Special Report 19


Ontologies are used in biology as a way to classify terms and their relationships to broader concepts and their interrelationships. Once these concepts and their relationships have been formally defined, new relationships between concepts may emerge, and classifying one concept as a type or subclass of another becomes possible. Formally, concepts are generally called “classes”; relationships are called “relationships”. Generally, ontologies operate as a system of triples. Triples consist of a subject-predicate-object. The subject and objects are classes, while the predicate is the relationship that connects them.

For example, consider a pizza ontology. Within this ontology, there is a class called ‘pizza’, defined as a thing with a crust and toppings (note that sauce is optional, as there are some pizzas which lack sauce, such as white pizzas). ‘Toppings’ has three subclasses: (1) meat, (2) vegetable, and (3) cheese. There is also a subclass of pizza called a ‘vegetarian_pizza’, which is defined as a pizza with vegetable toppings, no meat toppings, and it may or may not have cheese toppings. Thus, we could develop a specific instance of vegetarian_pizza from Joe’s Pizza Shack called, “Veggie Supreme.” In subject, predicate, object form, we would have “veggie_supreme is_a vegetarian_pizza”. Here the subject is “veggie_supreme”, “is_a” is the predicate, and the object is “vegetarian_pizza.” An example of a developmental biology illustration of a triple would be an increase in retinoic acid level (subject) enhances (predicate) cell differentiation (object), or in AOP general terms, KEx (subject) leads to (predicate) change in KEx+1 (object).

An ontology will allow scientists to begin to ask questions. For instance, we could identify the assays associated with the minimal suite of KEs within an AOP that are sufficient to infer an adverse outcome with high confidence. We could also consider a set of parameters, such as the gestational age at exposure and a series of high-throughput screening data, and query the ontology to identify potential adverse outcomes for chemical screening decisions.

Having the data encoded in an ontology also makes it easy to store and manage. Data can be obtained from various sources, including that already encoded in other ontologies, and easily encoded into the developmental toxicity ontology. In some instances this may require parsing the data and re-encoding it. In other instances it may be as easy as a simple import. Once the data are encoded, it can be easily queried and analysed using a number of freely available or commercial, off-the-shelf tools. A number of standards exist for querying data within ontologies built upon existing standards, such as the Web Ontology Language (OWL) for encoding the ontology and its associated data, and SPARQL (SPARQL Protocol and RDF Query Language) for querying the data within the ontology.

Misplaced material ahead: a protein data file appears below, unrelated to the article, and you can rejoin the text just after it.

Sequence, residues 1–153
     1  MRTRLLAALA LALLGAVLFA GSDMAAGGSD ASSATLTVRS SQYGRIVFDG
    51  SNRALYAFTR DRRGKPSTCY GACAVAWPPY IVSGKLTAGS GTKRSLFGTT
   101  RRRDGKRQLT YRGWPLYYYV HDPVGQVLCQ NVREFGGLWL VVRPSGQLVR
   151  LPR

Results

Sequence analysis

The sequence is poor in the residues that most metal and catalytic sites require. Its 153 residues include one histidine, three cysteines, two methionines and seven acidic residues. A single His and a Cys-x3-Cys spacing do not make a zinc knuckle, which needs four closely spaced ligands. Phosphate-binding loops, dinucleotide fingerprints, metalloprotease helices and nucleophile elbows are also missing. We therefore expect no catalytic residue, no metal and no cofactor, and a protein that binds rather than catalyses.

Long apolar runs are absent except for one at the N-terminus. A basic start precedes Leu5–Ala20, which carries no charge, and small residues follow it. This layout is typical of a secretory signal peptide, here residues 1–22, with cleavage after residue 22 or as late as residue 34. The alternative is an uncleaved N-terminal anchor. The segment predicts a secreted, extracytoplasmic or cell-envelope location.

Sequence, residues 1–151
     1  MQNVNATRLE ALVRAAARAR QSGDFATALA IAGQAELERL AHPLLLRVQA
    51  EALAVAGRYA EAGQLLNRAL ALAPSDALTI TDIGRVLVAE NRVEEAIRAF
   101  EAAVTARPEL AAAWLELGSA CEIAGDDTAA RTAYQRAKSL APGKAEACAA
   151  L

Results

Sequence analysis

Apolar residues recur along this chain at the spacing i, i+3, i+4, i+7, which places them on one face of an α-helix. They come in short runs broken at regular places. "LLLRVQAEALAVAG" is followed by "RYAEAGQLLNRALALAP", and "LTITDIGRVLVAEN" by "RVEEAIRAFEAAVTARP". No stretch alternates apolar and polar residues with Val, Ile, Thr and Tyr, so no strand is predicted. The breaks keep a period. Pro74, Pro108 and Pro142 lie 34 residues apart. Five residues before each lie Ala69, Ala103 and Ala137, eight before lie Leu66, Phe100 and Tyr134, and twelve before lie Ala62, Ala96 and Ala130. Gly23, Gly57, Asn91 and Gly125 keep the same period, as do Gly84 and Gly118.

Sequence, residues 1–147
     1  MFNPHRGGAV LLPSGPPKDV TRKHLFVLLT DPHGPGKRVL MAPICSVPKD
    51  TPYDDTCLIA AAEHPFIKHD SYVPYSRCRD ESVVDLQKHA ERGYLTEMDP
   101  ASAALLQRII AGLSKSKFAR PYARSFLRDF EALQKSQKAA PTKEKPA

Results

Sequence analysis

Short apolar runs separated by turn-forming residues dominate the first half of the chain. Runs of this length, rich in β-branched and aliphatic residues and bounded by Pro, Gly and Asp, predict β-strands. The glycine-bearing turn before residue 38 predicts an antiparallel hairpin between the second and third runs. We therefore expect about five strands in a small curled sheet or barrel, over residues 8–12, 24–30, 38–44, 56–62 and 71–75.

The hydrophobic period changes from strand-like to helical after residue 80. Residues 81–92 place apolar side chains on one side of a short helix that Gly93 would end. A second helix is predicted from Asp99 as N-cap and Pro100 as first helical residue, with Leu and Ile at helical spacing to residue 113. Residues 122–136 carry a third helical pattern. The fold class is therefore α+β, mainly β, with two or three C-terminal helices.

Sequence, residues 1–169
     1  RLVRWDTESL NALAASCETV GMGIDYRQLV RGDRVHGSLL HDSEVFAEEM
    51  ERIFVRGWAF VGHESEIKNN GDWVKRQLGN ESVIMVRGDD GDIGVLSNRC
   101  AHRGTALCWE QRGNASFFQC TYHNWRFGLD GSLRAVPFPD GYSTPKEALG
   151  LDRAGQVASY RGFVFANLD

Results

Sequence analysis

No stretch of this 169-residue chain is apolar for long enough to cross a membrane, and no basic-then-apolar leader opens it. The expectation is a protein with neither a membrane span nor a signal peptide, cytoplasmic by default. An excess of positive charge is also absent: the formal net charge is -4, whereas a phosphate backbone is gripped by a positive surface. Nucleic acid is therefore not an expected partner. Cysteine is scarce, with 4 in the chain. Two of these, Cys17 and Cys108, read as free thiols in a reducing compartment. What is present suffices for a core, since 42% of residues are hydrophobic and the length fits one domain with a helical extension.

The ontology can be stored in an RDF (Resource Description Framework) database. The same RDF database can be populated with data from biological assays and chemical assays such as ToxCast or Connectivity Map. If the data are entered following prescribed ontologies, the relationship between chemical activity and perturbation of development can be predicted or captured. To continue with the pizza metaphor: if a chemical has the effect of disrupting meat production, a pizza normally covered with meat might become a vegetarian pizza. Ideally, the reduction in meat and its relationship to the phenotype of the pizza could be expressed in quantitative terms. When the ontology and the chemical perturbation data are stored appropriately, SPARQL queries should be able to reveal phenotypic outcomes like this one. To move the discussion into more relevant space, let us suppose the developmental ontology links palate growth to retinoic acid (RA) signalling. The RDF triple store will contain the connections between palate growth and RA and between the RA receptor and levels of retinoic acid. The RDF may also have assay information showing that an environmental chemical binds and blocks the RA receptor with affinity. A SPARQL query should be able to reveal that this chemical activity disrupts palate growth.

The RDF format facilitates the merging and integrating of data and concepts. The RDF database, for instance, could integrate chemical structural information from a chemistry source. By employing a chemical structure ontology, a query could be constructed that reveals that many chemicals with this feature are linked to the same developmental perturbation.

It is important to note that the developmental ontology and data are separate, even though they are both stored in the RDF. The developmental observations are organised by the developmental ontology and the assay data, for instance, will be organised by an assay ontology. Reasoning with the ontologies on the data is a function of SPARQL query language. The potential contribution of AOPs to the building of developmental ontologies and the identification of appropriate high-throughput assays and in silico models for prediction of developmental toxicants is shown in Figure 2.

Figure 2: Interrelationships between the building of AOPs, developmental ontologies and potential screening assays